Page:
Wednesday, October 24, 2007

The value of truth

A whole lotta things are geling in my mind right now, all slotting together and making sense. I spoke the other day about the myth of the "True Self" and how, indirectly, we had Plato to blame, he being the proclaimer that out there somewhere always lies the Perfect, fixed and absolute truth.

Nietzsche was the first philosopher that comprehensively attacked Plato. In his book "Beyond Good & Evil" (a set piece in BPG's studies) he started the book thus:

"What in us really wants 'truth'?

Indeed we came to a long halt at the question about the cause of this will until we came to a complete stop before a more basic question: We asked about the value of this will. Suppose we want truth: why not rather untruth, and uncertainty? even ignorance."

Nietzsche's questionining sounds preposterous on first appearance, but let me try illustrate what he is saying by a practical example that recently arrose:

Mrs M asked me a few days ago, " If you could ask God one Question, what would it be?"

Yeah, at first you think "Wow, if I got that opportunity I would have hit the Jackpot!"

But think a little further. What WOULD you ask? And if s/he answered, would it really make any difference? Would it add value to your life? Methinks not.

In fact, I'm not even sure I would want to know. Certainty almost imprisons one. As Nietzsche said "Why not rather uncertainty". With uncertainty the door is always left open. Possibility survives. When the door is closed there is an impossibility of possibility.

Interestingly, all of Nietzsche's writings have been analyzed and one of the most common words he ever used (besides the, a, it etc.) was the word "perhaps." And what is "perhaps"? Perhaps is uncertainty. It is the promise of possibility.

" The future is called 'perhaps' " - Tennessee Williams


Phew, getting quite philosophical in here. But you know what? I'm lovin it!

WBF - please define what you mean by "being true to yourself"


  1. lolol one question would not be enough

  2. There is no reality, only perception. And when many perceptions manage to mesh in some way, everybody agrees to call it "reality." Either way, it's vastly overrated.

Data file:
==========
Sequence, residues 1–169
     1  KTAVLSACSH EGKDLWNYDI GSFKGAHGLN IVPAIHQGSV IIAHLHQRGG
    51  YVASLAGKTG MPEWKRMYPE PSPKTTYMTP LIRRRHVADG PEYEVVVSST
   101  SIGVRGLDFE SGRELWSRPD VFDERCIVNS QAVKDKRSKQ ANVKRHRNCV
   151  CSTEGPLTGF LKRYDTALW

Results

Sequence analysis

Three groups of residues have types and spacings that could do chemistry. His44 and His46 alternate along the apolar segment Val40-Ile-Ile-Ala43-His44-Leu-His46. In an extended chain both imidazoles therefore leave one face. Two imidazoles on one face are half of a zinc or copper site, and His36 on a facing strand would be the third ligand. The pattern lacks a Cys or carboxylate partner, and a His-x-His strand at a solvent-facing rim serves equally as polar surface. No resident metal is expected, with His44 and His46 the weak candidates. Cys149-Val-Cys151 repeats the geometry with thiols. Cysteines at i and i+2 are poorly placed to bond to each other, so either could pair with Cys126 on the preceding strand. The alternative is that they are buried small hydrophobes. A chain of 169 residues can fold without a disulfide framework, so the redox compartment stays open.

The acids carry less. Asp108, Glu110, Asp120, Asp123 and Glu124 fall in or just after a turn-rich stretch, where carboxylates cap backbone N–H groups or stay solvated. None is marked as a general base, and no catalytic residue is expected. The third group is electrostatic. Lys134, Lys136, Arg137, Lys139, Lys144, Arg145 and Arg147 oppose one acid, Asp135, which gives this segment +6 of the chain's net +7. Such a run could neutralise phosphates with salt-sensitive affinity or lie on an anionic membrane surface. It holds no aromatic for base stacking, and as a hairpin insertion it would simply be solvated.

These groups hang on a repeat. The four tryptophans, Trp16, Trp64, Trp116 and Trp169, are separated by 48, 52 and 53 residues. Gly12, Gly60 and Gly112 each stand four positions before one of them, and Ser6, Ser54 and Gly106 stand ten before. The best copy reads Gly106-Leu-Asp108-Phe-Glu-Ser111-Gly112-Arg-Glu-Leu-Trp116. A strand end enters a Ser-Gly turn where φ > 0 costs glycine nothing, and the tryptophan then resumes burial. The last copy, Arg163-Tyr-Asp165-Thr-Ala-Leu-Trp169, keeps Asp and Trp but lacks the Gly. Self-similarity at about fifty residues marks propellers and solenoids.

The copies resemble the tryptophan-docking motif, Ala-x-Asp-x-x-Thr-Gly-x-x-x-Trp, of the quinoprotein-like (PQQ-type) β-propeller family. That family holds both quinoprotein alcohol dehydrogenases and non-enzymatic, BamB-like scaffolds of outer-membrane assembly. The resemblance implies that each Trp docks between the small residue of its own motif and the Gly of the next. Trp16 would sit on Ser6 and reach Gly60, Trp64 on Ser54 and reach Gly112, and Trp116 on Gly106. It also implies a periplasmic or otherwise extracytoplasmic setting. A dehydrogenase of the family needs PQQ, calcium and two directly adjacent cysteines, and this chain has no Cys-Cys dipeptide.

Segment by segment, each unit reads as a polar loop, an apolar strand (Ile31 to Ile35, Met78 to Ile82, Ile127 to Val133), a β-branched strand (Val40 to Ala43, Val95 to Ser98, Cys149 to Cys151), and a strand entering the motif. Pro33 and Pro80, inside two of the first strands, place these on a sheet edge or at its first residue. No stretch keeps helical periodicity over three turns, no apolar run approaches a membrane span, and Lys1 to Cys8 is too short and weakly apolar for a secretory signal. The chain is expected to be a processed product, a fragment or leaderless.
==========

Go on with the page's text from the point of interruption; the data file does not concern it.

The concept of true self is slightly different. While man is a being of many moods, he does have a fixed sense of self. The part that stays with him even when the brain becomes psychotic, or demented.

    The part that's responsible for one man stealing vs. another staying faithful in face of absolute temptation. The part which experiences remorse after doing something that's against its innermost convictions.

  3. Polonius provided Hamlet with some great advice, none more important than “…to thine own self be true, because it must follow as the day the night, thou canst be false to no man”. It is too stressful to pretend to be something you’re not.

    In truth I copied this of an Internet page!

  4. Some very fuzzy thinking in the responses here that seem to ask (and beg) more questions than they answer.

    Not my blog so I will just say I think a dose of Nietzsche (properly understood,) to be a great corrective not only for Platonism but also for the extremes of late 20th/early 21st-century post-modernism.

    Keep it coming BPG. (Btw: I seem to recall Nietzsche having a rather high regard for the Buddha.)

  5. try hugging a horse, like nietzsche did, maybe you get it then.

  6. Oh you made my head hurt so badly. I wouldn't want to talk to, that's not right. I wouldn't want him to answer any of my questions. Knowing my luck, he'd be drunk or stoned that day and I would get a laugh in the face.



  7. The mythic truth is the whole truth.



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